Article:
Prophecy's Power

By Emma Moesswilde | Dec 14, 2010

Previous chapters of "The Prophecy" have been printed in the Herald Gazette.

 

Chapter 5 (Part A)

“Yes, Conor! Excellent!” Leam clapped his hands, smiling broadly. From my seat at the back of the room I could see a smile form on Conor’s face as well as he looked down at his harp. He had a nice smile — shy, as though perhaps he shouldn’t be smiling at all.

The several other boys in the class shot Conor looks of envy and confusion. If this was how people responded every time he played, it was no wonder Conor hid in the stables.

Leam waved us out a minute later, and I followed the boys down a stairwell, richly hung with tapestries and lined with bookshelves, as were the wide corridors that wound through the grand building. The Order as a whole was much more comfortable than the Temple; there were cushions, armchairs, and fireplaces nearly everywhere. It seemed overcrowded to me, but it was so lovely to sink into a sofa each time I wished to sit down, or to not scurry between jobs, but stroll, admiring the magnificent artwork that hung on the walls.

We entered the history room then, the last class before dinner. I took a seat at the back, nodding to Maks, who smiled at me from his position at the front of the room.

“Now then,” said Maks, when everyone had shuffled in and seated himself. “Can anyone tell me, what is the purpose of the monarch?”

A chubby blond boy raised his hand. “Sir, the monarch oversees the nobles, making sure that they do not do anything wrong, and that no subject breaks the laws which the king has set in place.”

Maks nodded. “Excellent. And how does the monarch pass these laws?”

I let my mind drift. The tall stained-glass windows filtered in green light from the sunny outside, casting patterns on the polished wood floor. I could hear the murmurs of other classes, the scratch of quills on paper. It was unseasonably warm for early spring, and my woolen tunic was beginning to stick to my back.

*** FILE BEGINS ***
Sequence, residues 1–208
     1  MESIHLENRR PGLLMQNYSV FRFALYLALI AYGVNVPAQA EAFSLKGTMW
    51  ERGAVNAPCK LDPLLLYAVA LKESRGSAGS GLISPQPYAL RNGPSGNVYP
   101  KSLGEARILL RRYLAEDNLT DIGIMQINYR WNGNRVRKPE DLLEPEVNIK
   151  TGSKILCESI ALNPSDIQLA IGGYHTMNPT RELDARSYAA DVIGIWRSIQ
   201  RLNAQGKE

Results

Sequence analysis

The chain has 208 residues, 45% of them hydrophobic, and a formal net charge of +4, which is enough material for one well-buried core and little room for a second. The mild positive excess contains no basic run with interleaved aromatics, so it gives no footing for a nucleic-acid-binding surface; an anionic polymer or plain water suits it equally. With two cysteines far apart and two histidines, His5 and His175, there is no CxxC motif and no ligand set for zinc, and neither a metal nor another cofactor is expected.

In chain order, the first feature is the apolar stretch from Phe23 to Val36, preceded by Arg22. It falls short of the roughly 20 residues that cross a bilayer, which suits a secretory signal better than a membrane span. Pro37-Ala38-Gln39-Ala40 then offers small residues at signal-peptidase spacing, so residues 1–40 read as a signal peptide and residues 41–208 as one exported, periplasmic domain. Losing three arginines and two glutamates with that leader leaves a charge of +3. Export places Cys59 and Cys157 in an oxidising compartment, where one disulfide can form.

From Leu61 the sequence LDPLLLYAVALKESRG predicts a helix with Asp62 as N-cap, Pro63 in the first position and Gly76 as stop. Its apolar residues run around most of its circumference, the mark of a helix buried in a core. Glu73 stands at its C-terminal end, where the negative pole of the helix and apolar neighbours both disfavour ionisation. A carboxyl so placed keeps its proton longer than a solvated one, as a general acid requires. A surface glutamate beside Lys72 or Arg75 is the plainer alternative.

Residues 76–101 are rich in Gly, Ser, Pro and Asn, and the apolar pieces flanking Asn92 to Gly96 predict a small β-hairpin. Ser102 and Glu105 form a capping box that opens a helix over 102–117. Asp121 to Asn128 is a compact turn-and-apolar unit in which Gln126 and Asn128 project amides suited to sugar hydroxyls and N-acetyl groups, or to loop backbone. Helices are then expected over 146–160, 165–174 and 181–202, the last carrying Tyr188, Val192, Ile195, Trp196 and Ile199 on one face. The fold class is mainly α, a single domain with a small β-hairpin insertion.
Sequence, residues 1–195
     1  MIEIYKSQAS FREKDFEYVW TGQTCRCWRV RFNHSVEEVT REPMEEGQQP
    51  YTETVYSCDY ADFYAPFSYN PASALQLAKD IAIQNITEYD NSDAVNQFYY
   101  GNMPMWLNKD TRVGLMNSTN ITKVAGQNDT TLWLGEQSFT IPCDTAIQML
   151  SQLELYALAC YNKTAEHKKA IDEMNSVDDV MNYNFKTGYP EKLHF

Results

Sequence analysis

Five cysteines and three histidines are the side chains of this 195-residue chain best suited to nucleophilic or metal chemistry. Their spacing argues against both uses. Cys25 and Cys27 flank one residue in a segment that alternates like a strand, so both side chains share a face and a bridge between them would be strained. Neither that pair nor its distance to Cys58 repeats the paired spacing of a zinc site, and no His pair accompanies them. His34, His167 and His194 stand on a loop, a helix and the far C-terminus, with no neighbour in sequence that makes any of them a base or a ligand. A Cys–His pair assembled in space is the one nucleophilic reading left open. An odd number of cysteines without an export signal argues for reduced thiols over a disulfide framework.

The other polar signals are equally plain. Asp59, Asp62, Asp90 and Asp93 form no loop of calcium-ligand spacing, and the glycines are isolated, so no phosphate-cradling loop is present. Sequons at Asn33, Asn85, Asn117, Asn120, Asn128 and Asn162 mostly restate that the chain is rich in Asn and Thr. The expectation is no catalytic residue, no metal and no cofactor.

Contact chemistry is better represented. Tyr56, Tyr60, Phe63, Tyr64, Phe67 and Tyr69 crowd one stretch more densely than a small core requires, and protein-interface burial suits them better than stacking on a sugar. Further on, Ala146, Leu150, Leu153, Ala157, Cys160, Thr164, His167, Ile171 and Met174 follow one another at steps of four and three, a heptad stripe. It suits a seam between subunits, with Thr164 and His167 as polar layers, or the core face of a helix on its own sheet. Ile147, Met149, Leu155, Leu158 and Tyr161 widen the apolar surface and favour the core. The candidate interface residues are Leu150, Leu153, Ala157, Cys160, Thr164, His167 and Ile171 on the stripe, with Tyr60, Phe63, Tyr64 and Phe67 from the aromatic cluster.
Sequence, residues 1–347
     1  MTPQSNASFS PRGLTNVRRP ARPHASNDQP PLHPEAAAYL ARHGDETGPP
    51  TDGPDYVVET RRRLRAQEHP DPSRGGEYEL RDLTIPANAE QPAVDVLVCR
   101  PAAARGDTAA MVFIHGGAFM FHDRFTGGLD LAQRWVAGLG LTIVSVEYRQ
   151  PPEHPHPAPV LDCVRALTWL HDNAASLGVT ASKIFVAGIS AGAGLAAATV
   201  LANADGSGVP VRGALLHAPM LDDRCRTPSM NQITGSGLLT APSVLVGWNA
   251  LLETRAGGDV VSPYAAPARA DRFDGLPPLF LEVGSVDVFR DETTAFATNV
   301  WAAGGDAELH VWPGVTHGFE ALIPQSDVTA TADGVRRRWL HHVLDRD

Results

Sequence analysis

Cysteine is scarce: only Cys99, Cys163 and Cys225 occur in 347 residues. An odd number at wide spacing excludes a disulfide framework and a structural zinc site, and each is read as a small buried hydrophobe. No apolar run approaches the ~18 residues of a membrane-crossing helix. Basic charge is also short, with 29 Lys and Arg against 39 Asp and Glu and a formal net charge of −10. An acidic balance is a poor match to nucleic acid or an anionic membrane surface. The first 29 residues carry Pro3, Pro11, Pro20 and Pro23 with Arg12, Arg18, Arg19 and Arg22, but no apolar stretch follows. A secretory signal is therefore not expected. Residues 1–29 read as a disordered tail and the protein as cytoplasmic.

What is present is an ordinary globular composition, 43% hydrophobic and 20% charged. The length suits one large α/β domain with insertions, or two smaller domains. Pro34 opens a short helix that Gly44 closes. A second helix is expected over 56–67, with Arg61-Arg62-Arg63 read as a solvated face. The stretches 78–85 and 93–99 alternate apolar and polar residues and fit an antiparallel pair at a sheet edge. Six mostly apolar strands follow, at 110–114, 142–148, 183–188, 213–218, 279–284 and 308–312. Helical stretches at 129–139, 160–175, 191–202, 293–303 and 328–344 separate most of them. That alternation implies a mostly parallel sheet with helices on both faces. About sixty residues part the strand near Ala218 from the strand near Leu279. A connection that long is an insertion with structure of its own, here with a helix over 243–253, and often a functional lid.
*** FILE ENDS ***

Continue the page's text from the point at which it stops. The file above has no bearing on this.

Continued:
"....In past times, the monarch has been assisted by a seer, who is gifted with prophecy. This way, the monarch has help deciding whether or not his plans will benefit the kingdom. There has not been a seer since King Briam’s father, Leonard, as no person with the gift has been found. Hopefully, the country will recover somewhat from its current state when a seer is once more assisting the monarch.”

Maks finished his speech as the bells in the dormitory rang, the signal for the end of classes. The boys stampeded out of the room, their whoops echoing in the corridor as they headed off to dinner.

I followed, more slowly. I remembered Conor’s expression when he picked up his harp, one of such rapture that the delight on Leam’s face seemed shallow in comparison. Leam had tried to teach me the fundamentals of the lute, explaining plucking and fingering. I heard his words, understood what he told me, but I couldn’t play as he had instructed me to.

I crossed the darkening courtyard to dinner, the beat of the song Leam had tried to teach me sounding in my head along with Conor’s face, smiling over his music.

*****

It was raining the next day as I splashed my way to breakfast. I sat with Antho and Murrow in the steamy chamber, enjoying my bowl of oatmeal. Suddenly there was a loud crash from the door. Two students entered the chamber, a drenched man in silver and blue livery following them. He made a beeline for the table where Antho sat, wringing his tunic and his hands.